I try never to get too excited about a storm when it is more than 120 hr out….and certainly never to discuss in this blog.
But we are close enough now to talk about the possibility of a fairly major blow on Friday night and Saturday morning.
This morning’s run of the National Weather Service’s GFS model is, how do I say it?, provocative.
It forecasts a 966 hPa low pressure center to be off the northern tip of Vancouver Island, with an INTENSE pressure gradient (pressure change divided by distance) to the west and southwest. That kind of pressure gradient would be associated with very strong winds (50-70 mph at least) plus big waves. And we don’t get 960 hPa low centers just offshore very often. They usually stay in the Gulf of Alaska.
And as the low passes across Vancouver Island, western Washington gets a piece of the action, with a very large north-south pressure difference that would bring strong winds across the entire area. Power failures would be widespread.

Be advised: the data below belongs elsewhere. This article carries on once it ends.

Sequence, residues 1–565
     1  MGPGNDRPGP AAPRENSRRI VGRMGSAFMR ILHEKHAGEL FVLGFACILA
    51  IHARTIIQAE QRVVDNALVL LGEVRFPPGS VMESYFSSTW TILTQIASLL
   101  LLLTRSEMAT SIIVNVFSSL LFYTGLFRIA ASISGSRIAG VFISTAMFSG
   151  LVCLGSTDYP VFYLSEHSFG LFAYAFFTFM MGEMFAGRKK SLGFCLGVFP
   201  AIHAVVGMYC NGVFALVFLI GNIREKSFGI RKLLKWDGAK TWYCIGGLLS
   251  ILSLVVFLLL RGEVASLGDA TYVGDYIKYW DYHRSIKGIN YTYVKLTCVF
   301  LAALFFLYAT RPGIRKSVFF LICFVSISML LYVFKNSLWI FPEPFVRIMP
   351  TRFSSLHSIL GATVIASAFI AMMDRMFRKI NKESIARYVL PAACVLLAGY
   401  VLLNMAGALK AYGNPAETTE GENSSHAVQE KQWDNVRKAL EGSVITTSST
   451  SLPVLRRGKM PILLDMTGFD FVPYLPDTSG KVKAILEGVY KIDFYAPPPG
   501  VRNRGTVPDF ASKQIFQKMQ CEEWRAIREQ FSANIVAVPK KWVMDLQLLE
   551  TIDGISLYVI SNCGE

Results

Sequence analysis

I know what you are about to ask. What is the vaunted European Center model predicting? (see below). A strong storm, but farther south and a big weaker.
There is considerable uncertainty regarding this storm, so let’s wait until Wednesday before getting our hopes up. The NOAA global ensemble system, which runs the global model many times, is showing a lot of uncertainly (see below), but plenty of solutions are going for big winds (the graphics is for sustained wind speed and not gusts at Forks, on the WA coast).